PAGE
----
The second part of my question refers to Amgot. I have seen a great many criticisms of Amgot, and one of the main criticisms has been concerned with the fact that two of the officers holding important positions in Amgot in Sicily happen to be bankers or to have some banking interests. I do not think that being a banker should either qualify any one for or disqualify him from a position in Amgot. If he is the right man to hold a position in Amgot, it does not matter to me whether he is a banker or not. Moreover, wherever Amgot may be called upon to function in future it is almost essential that there should be someone in it who understands financial and industrial questions. I regard that as very important indeed. But I think that it is also very important, especially remembering the war aims to which we are committed, that there should be somebody in Amgot who is well acquainted with the problems of the workers and the peasants of any country into which we go. Financial and industrial problems are most important, but so are these questions of the workers and the peasants. If we can put a banker into uniform and make him a satisfactory member of Amgot, I do not see why we should not select someone who understands this particular range of problems, put him into uniform, and let him function in Amgot also. I think that that is an important point, and I hope we may hear that that is the intention in future.

The third part of my question relates to what I call the six days' lull. My anxiety on that score is raised in this way. After Casablanca we heard very satisfactory news indeed; we heard that our terms to the Axis could be summed up in two words: unconditional surrender. Then there was a broadcast to Italy in which "unconditional surrender" had become "honourable capitulation," which sounds something rather milder. Then the Prime Minister made a speech in which he said that our immediate policy was to leave the Italians to "stew in their own juice" and to hot up the fire to assist in the process—a very satisfactory statement indeed. He also spoke about an "avalanche of fire and steel" which would descend upon Italy. That is the sort of thing which I like to hear, and which I expect most of us like to hear. Last Saturday night, however, I heard on the wireless that we had been granting Italy a "six days' lull." That was the phrase used in the broadcast, and I find a six days' lull a little incompatible with these statements about stoking up the fire and about an avalanche of fire and steel descending upon Italy.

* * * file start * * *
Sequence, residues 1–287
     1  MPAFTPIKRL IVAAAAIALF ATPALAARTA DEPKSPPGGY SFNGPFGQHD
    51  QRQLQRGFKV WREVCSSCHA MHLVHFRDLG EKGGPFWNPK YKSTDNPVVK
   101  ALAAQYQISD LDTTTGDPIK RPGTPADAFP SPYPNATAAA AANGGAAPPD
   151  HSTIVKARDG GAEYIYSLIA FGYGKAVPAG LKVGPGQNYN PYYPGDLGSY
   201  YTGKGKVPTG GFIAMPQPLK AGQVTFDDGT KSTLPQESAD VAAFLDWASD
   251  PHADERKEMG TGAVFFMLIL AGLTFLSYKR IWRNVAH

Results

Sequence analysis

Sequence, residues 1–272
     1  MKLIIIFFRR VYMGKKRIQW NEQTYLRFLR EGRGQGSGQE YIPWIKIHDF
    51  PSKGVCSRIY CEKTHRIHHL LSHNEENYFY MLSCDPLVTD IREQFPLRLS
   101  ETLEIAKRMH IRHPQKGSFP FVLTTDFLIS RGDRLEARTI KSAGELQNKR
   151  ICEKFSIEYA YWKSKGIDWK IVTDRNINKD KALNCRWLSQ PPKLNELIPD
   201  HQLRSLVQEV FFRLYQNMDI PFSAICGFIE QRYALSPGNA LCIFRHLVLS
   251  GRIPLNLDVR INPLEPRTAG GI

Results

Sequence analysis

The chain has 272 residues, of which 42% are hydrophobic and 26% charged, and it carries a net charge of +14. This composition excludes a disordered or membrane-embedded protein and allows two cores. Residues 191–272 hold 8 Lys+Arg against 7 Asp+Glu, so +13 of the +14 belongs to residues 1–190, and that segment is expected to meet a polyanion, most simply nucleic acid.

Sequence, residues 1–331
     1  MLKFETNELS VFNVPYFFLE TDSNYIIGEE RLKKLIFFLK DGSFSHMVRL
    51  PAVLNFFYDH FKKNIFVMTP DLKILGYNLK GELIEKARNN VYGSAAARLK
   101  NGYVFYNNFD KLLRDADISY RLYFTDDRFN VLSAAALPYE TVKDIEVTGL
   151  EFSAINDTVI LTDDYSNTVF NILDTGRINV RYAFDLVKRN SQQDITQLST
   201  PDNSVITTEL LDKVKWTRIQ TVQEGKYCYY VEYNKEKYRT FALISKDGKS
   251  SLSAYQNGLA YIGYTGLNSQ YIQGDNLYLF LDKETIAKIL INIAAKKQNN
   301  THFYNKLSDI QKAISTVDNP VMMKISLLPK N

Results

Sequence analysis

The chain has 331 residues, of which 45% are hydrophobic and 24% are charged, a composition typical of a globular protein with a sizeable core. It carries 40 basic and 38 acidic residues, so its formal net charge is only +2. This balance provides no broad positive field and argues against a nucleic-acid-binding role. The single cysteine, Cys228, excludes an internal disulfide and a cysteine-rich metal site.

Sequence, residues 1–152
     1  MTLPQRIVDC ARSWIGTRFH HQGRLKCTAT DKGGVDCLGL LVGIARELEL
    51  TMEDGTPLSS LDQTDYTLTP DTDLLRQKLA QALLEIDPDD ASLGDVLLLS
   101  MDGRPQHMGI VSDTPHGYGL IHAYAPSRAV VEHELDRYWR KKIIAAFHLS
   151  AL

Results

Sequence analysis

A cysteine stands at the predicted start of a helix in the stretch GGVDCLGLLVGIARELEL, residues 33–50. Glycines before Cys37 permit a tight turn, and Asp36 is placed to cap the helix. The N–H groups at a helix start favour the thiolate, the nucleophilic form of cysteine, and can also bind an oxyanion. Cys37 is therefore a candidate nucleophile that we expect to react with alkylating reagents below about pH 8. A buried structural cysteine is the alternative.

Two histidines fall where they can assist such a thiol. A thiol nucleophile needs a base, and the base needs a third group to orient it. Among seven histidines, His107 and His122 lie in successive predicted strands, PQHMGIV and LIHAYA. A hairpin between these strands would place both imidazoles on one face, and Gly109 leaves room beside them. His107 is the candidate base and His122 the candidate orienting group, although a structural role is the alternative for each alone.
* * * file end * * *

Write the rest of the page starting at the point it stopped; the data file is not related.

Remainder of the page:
It seems to me that what we want at present is to get Italy out of the war and to secure her unconditional surrender. That should surely be our objective. Our prime and urgent military objective is to get Italy out of the war and to secure her unconditional surrender. I do not believe that we shall secure that by granting a six days' lull to Italy. We have bombed Rome once, and the next thing we heard was that Mussolini had gone. Since then Italy has had a six days' lull, and we have bombed Ploesti. I do not know whether it has been possible to bomb Rome again, but possibly another bombing of Rome might have brought about that unconditional surrender which is our declared objective. I do think that there is a certain inconsistency between these statements, and that is why I have put that point in my question. I have a feeling, in reading all the news which is coming through about Italy at present, that perhaps we are doing a little too much thinking on behalf of Italy. In my view Italy had better think out her own political problems for herself at the present time; I do not sec why we should be doing so for her. It seems to me that the Allied objective at present is to knock Italy out of the war and then see what happens.